Stuttering in School-Age Children: A Comprehensive Approach to Treatment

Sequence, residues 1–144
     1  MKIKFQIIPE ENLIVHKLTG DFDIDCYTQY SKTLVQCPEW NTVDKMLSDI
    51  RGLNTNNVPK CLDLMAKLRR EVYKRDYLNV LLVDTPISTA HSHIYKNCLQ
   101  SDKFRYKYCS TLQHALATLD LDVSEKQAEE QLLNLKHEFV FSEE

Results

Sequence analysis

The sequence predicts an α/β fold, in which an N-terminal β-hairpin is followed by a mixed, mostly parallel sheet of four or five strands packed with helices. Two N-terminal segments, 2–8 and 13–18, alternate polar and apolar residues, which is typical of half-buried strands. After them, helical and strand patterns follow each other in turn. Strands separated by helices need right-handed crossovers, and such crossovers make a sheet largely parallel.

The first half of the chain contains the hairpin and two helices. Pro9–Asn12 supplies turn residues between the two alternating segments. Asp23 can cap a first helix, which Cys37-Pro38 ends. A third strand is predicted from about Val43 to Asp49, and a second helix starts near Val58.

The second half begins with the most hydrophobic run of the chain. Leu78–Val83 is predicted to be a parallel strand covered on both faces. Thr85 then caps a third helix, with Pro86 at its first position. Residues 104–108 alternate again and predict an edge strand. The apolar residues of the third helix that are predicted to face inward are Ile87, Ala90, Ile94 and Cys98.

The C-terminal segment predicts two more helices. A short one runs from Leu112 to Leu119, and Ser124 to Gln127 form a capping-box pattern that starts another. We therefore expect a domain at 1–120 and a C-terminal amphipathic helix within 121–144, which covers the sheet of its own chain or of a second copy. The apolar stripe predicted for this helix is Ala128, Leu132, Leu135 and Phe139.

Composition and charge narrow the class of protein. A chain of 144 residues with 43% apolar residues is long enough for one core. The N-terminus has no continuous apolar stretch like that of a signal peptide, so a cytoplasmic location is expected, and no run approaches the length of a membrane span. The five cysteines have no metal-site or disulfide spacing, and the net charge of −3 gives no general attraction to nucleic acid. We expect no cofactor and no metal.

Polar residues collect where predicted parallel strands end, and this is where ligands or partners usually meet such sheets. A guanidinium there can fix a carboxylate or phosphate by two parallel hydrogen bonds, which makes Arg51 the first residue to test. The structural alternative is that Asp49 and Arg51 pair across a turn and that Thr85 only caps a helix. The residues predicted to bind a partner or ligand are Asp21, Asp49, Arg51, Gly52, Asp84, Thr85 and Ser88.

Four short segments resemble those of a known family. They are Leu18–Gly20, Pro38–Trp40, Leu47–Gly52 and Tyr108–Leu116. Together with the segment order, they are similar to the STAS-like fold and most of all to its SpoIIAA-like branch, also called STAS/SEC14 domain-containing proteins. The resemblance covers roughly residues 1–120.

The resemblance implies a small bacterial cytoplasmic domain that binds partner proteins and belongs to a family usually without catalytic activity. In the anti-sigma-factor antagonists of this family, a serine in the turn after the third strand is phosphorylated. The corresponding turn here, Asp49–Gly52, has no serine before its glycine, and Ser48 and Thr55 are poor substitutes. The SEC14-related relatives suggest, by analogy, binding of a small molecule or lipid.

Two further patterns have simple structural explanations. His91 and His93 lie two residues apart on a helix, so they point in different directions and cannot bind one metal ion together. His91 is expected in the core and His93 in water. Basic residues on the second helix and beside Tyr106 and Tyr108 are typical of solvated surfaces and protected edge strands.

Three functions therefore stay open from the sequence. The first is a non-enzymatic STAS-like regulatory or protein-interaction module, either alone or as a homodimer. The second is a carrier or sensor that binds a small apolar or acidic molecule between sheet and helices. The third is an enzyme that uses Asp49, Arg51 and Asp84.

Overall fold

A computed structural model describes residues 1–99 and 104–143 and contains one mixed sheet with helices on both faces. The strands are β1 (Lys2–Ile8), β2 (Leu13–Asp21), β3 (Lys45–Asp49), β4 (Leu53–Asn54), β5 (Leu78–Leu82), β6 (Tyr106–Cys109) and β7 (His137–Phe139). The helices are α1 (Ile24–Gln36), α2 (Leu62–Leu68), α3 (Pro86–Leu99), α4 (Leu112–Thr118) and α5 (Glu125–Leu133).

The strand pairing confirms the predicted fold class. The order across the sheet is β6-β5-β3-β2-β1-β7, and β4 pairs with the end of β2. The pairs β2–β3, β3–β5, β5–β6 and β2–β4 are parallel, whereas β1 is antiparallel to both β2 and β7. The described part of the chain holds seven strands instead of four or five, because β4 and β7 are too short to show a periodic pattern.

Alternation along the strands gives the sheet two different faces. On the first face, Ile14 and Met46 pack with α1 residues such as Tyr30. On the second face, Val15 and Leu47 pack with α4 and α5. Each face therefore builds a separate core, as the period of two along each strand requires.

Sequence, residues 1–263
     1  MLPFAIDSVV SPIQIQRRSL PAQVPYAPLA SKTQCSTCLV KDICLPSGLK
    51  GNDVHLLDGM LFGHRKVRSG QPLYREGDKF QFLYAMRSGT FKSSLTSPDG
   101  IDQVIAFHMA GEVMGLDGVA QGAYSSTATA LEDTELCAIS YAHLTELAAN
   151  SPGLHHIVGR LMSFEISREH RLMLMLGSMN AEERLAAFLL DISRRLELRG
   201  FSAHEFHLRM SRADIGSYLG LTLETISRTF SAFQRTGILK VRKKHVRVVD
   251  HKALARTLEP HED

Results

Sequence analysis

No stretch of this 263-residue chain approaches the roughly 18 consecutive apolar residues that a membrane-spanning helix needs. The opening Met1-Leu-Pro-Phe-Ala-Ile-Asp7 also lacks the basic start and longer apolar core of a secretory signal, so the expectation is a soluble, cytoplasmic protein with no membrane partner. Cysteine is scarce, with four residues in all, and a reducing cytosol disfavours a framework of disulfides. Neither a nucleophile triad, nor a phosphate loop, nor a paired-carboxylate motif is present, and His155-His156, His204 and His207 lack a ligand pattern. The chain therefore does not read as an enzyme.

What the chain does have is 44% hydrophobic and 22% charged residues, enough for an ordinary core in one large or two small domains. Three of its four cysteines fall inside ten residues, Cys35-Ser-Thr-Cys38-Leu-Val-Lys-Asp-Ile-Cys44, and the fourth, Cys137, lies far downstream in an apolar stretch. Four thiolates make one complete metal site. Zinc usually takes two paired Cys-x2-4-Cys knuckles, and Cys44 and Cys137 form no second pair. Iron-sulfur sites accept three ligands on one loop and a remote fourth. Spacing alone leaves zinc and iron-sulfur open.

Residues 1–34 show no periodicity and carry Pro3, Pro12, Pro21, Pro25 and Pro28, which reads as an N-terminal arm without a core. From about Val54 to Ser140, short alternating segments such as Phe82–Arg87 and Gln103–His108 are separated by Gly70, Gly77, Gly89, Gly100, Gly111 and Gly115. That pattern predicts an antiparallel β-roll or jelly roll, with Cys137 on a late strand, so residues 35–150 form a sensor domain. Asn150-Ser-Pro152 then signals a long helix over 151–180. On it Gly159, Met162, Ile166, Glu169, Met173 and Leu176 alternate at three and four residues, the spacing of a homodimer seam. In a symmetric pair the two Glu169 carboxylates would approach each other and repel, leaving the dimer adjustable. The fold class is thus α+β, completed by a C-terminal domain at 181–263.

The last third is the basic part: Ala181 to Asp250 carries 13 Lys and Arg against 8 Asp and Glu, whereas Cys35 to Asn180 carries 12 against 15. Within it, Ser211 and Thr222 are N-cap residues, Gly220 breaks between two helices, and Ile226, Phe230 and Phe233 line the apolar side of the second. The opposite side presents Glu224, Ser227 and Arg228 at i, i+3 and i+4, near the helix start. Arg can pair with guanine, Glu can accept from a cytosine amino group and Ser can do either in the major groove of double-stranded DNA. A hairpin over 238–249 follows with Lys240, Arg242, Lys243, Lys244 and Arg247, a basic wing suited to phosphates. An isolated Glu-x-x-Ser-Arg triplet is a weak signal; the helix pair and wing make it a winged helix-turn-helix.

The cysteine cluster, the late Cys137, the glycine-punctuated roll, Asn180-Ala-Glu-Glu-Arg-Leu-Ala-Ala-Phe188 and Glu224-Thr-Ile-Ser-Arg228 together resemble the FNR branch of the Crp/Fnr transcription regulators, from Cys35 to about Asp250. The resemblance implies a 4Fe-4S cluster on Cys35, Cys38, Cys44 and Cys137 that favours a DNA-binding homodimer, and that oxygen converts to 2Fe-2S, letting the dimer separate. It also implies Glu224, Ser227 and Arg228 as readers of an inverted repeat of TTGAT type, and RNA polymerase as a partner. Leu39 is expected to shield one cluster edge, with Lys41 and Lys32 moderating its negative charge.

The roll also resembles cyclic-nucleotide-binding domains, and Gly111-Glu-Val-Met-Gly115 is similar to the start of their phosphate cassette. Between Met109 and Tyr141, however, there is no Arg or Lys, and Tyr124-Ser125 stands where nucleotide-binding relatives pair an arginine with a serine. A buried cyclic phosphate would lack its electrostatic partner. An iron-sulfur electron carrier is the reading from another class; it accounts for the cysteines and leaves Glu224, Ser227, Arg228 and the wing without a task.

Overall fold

PurposeThis letter, prepared through a close collaboration between the authors and more than 100 colleagues, responds to a paper by the editor of Language, Speech, and Hearing Services in Schools that highlighted the need for research on treatment for stuttering in school-age children. MethodOur response addresses 3 themes: First, we offer agreement with the editor's call for research because more evidence about treatment for children who stutter is certainly needed. Second, we provide an overview of recent literature, demonstrating that the majority of current treatments include strategies for helping children improve speech fluency in addition to helping them increase acceptance of their stuttering and diminish the negative consequences of the disorder. Third, we present several strategies designed to help clinicians respond to the individual needs of children who stutter in a data-based, comprehensive manner that focuses on minimizing the adverse impact of stuttering on children's educational endeavors, and on their lives as a whole. ConclusionMuch has been learned about the factors that contribute to the successful treatment of stuttering in school-age children, and evidence will continue to accumulate. Meanwhile, speech-language pathologists can help children increase their fluency while simultaneously minimizing the adverse impact of their speaking difficulties and helping them improve their overall communication.